ZowieZiggy 1/5 01.02.2008 (PROGARCHIVES)
The Album is the ninth full-length studio album by UK progressive rock act Caravan. It´s been three years since their last album Better By Far (1977) was released and one could expect that those three years had been used wisely. Better By Far (1977) was a below standard album from the band though and I had my worries before listening to The Album. The music is soft rock with only a few of the progressive elements left that made earlier albums by Caravan so great. The only song that gives small hints to their past greatness is Watcha Gonna Tell Me. It´s be far the best song on the album with flute and those quirky fast vocal lines that I love from the old albums. Opener Heartbreaker and the song Piano Player are also respectable (remember I didn´t say good), but the rest is rather bland and forgettable. There´s even a poor attempt to play white man reggae in the song Clear Blue Sky (and no it doesn´t sound like UB40). That´s a disaster to my ears. The musicianship is as good as usual and it´s rather interesting that David Sinclair has returned on the keyboards once again. The production is good. Warm and pleasant and it suits the music perfectly. The Album is unfortunately another below average album by Caravan and it´s hard not to get the thought that they really didn´t have much more to offer to the world of music at this point in their career. A 2 star rating is warranted. I must say that I had expected much more from the band after a three year recording break.
UMUR 2/5 11.04.2009 (PROGARCHIVES)
Not a masterpiece, but not a disaster. Dave Sinclair is back, and, needless to say, his stuff is the best: "Watcha gonna tell me" and "Piano Player" * are good indeed. "Make yourself at home" ** and Pye's "Keeping up De Fences" are nice songs, too. There are also some strange episodes such as disco attempt and even a reggae by Geoff Richardson: not an ugly song, although too long and with no trace of Caravan's style. An album you have to listen, even just once in your life. * and ** are also featured, in completed demo form, on Dave's album, "Moon over man".
pied piper 3/5 20.05.2010 (PROGARCHIVES)
It's really hard for a Caravan-fan to say this, but listening to this album is just torture. The only decent song is Keeping Up The Fences and by that I mean listenable for a minute. I know this is harsh but where is the energy? Maybe I understand now why Dave Sinclair needed a breeze of fresh Camel-air. But even he can't lift this album with his "Piano Player". The thing I'm surprised about is that after Blind Dog Caravan lost the energy to produce at least decent albums and still went on to produce three lousy albums. There's still no doubt that while Better By Far and Back To Front still contain 1-2 listenable tracks, "The Album" isn't even worth that.
BrainStillLife 1/5 06.12.2010 (PROGARCHIVES)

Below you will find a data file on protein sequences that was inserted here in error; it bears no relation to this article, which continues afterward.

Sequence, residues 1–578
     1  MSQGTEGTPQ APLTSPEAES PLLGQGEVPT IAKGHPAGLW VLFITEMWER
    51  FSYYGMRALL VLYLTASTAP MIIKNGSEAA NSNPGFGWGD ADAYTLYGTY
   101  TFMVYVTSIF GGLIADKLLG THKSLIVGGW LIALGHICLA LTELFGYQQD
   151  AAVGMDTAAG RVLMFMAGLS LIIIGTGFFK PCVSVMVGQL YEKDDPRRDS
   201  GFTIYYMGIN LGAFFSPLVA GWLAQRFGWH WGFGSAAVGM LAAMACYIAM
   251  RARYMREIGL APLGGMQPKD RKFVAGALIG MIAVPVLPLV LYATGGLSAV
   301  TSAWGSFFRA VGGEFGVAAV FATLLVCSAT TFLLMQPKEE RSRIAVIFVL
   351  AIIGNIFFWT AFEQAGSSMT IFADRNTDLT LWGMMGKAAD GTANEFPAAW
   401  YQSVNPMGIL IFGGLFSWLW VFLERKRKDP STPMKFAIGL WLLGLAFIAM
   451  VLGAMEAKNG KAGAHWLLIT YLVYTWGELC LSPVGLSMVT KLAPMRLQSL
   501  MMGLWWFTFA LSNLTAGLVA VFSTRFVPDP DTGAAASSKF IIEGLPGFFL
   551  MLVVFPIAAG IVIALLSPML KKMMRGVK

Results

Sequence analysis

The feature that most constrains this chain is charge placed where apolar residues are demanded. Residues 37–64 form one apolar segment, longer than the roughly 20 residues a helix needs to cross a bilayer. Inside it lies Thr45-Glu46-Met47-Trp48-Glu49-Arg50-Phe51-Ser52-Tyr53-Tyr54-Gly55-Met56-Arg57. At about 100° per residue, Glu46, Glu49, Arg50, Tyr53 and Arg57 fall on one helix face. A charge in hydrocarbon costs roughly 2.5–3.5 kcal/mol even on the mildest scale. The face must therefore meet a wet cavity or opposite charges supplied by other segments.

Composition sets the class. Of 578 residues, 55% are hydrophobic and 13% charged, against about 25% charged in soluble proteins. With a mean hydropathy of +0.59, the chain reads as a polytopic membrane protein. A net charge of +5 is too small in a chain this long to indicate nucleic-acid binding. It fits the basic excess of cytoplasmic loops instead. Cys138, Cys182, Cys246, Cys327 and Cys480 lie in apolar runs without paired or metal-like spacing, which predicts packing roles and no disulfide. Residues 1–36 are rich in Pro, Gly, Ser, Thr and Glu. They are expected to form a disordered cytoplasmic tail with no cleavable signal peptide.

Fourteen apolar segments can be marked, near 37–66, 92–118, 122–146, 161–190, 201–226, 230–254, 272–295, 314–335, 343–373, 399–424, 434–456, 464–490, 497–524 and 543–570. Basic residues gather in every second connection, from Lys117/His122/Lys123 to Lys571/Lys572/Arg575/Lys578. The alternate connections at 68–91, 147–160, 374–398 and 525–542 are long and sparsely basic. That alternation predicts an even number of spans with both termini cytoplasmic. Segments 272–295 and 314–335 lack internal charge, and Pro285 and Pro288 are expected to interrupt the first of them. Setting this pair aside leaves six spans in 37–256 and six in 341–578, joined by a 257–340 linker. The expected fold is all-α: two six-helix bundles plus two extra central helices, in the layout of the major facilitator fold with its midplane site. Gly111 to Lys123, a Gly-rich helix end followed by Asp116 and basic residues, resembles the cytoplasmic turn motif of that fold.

"The Album" is quite good. In fact, I like it a lot. It's very much like a pick & mix bowl of candies. It's a contribution of individual songs "played' by members of Caravan. I don't really consider it a Caravan album per se. "Heartbreaker" is a great pop rock song that would sound great on Waterloo Lily. "Corner Of Me Eye" is a track by Geoffrey Richardson that sounds like it may be a Caravan tune until it turns into progressive bluegrass during the instrumental part of the track. A great twist(Dixie Dregs/Little Feat anyone?). "Watcha Gonna Tell Me" has some nice electric piano and beautiful flute colourings and a flute solo from Geoffrey Richardson...and a great guitar/keyboard/guitar/keyboard exchange between Pye Hastings and Dave Sinclair. This is the best track on the album. Another track that would not sound out of place on Waterloo Lily. "Piano Player" has lyrics about drinking and smoking that only Caravan sing about with expertise. It's a very flighty piece with Geoffrey Richardson delivering an inspired solo on the viola. A track to listen to after a warm rain. "Make Yourself At Home" starts out like a Doobie Brothers track, then the unmistakable english vocals are present with a relaxed/loose/slacker sound in the playing by the band. There's a weird vocoder effect on the vocal. Very cool! Uh oh, in comes the disco with the track "Golden Mile". No worse than "Summer Lightning" from Camel's Breathless, really. "Golden Mile" reminds me of something one might here on the Cafe Jacques album "Round The Back"(which also features Geoffrey Richardson). "Bright Shiny Day" is just that. A happy track. Off to Jamaica with the reggae of "Clear Blue Sky"(Police meets Dire Straits?). Nice guitar work from Pye Hastings. "Keepin' Up De Fences" is another great track and it concludes the album. Caravan with timbales? Yes, indeed. This one reminds me of something off Gentle Giant's "Civilian", yet I can't put my finger on it. A lively track this one - the boys sounding like "Caravan" with a nice keyboard/guitar/keyboard exchange. I have to say that I love albums like this on progarchives.com. The low ratings are unwarranted. it all depends on your taste. If you enjoy the Camel albums "Breathless" and "I Can See Your House From Here", then you'll certainly find something to enjoy with "The Album". An initial listen may not impress, but try it over several listens and you will be rewarded. A great rock & roll album for fans of Steely Dan and Dire Straits. Not very "progressive" but very competent. A great addition to anyone's collection, regardless.
Gooner 3/5 19.02.2011 (PROGARCHIVES)